I was of the opinion that the Newport Back Bay was a protected wildlife and bird refuge, an oasis in a concrete jungle. I now find out that the Irvine Co. has plans to build a marina and pier! We do not need another marina; we do need the wetlands. I cannot believe that once again the people in power are willing to sell out to developers. This fight was started 25 years ago by Fran and Frank Robinson, and I thought (it) was won. Now the specter of a marina and pier has raised its ugly head again.
OPINION
February 12, 1989
Congratulations to the team of U.S. senators who are attempting to block construction of the road through the Amazon basin that the Japanese are funding ("Senators Vow to Fight Japanese-Funded Amazon Road," Feb. 4, Part I). Japan's lack of natural resources and desire for easy shipment of the supplies should not lead to the destruction of one of the earth's major sources of oxygen. Many animals indigenous to the jungles will be displaced. In addition, once the road opens, rare tropical animals will be in danger of extinction due to hunters' increased accessibility of the area.
CALIFORNIA | LOCAL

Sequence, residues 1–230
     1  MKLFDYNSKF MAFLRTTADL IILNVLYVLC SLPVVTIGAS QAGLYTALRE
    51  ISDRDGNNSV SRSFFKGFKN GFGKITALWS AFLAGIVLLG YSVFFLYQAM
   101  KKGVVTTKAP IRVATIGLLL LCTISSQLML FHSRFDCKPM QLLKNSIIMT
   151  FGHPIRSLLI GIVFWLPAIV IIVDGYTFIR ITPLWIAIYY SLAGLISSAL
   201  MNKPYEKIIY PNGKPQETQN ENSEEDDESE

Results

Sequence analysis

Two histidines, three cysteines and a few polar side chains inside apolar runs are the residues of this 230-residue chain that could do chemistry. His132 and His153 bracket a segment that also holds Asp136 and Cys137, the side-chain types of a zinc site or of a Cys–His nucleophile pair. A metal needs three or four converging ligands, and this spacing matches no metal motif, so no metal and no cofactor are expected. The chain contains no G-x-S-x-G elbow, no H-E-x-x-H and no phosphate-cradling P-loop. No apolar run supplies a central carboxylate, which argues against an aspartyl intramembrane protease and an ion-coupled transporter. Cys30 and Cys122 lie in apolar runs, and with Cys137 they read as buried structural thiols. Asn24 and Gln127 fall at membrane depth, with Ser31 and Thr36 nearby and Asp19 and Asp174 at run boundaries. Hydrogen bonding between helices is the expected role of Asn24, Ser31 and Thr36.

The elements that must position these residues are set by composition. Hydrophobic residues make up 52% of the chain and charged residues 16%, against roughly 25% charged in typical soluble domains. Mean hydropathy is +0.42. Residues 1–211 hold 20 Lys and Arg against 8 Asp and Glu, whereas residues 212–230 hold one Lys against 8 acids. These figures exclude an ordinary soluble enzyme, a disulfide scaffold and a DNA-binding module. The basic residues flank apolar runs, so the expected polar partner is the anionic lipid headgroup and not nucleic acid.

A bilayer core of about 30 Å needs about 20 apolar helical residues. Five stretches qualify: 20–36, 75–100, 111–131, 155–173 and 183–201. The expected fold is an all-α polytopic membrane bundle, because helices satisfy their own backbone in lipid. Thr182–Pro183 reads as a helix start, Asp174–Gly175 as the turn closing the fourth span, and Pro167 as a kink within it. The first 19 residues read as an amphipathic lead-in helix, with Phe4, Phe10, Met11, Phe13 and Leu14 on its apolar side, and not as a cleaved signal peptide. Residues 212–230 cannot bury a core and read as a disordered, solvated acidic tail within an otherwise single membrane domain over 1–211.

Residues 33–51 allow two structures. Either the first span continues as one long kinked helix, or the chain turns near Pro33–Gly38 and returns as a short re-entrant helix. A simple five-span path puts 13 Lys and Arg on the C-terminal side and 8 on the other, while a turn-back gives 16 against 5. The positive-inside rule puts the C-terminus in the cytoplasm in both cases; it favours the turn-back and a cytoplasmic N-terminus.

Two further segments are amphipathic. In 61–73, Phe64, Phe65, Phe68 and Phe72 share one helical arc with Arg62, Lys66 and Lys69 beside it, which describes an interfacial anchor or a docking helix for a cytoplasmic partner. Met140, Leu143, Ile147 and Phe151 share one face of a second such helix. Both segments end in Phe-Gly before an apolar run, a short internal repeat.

September 5, 2008
Last week, Out There visited Hawthorne, where community activist Viviana Franco has spent much of her adult life trying to build a park on a small, barren lot. After the City Council declined to sign off on Franco's request that City Hall commit to long-term maintenance of the park, her options narrowed considerably. Many readers were unhappy that Franco has been unable to gain traction. A sample of reader response: "Green space matters. When you are surrounded by a concrete jungle, you can appreciate a small serene park where you can go and feel safe and enjoy a little nature at its best."
NEWS
June 17, 2010
MT. EMMY: To scale the heights of the Emmys, wrap yourself in raves and pack lots of buzz. This week's altitude readings are by Greg Braxton, Maria Elena Fernandez, Martin Miller, Michael Ordoña and Yvonne Villarreal. PEAKING AGING GRACEFULLY: By grouping "Survivor" into heroes and villains, the show proved in its 20th season that aging is not a bad thing. Only its first season topped it in surprises and memorable moments. Could this be the year "The Amazing Race" gets beat?
ENTERTAINMENT
January 3, 2010 | By Geraldine Baum